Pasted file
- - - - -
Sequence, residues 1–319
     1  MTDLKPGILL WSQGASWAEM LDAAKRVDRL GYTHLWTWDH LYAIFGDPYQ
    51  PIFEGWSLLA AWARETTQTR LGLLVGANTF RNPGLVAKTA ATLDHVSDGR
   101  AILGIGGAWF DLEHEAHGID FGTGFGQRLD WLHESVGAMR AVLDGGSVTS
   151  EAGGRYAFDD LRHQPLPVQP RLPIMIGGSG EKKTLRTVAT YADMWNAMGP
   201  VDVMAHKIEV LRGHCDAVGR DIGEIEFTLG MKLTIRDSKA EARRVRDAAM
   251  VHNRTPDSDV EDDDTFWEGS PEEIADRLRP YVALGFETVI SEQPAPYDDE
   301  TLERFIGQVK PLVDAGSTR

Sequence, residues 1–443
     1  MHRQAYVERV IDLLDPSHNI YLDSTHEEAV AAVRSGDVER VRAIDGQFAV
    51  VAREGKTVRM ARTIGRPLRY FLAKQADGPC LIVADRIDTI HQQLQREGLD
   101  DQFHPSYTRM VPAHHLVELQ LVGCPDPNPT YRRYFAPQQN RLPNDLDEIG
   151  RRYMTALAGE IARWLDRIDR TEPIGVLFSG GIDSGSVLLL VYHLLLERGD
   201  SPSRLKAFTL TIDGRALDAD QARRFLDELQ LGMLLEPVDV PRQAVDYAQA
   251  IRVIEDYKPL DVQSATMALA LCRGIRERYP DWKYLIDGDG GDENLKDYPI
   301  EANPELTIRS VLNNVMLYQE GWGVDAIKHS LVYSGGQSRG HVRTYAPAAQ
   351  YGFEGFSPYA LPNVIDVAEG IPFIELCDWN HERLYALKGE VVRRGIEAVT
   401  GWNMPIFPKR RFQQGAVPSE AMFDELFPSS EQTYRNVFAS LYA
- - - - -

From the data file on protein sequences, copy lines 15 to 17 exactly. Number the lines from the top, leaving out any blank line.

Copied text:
   251  IRVIEDYKPL DVQSATMALA LCRGIRERYP DWKYLIDGDG GDENLKDYPI
   301  EANPELTIRS VLNNVMLYQE GWGVDAIKHS LVYSGGQSRG HVRTYAPAAQ
   351  YGFEGFSPYA LPNVIDVAEG IPFIELCDWN HERLYALKGE VVRRGIEAVT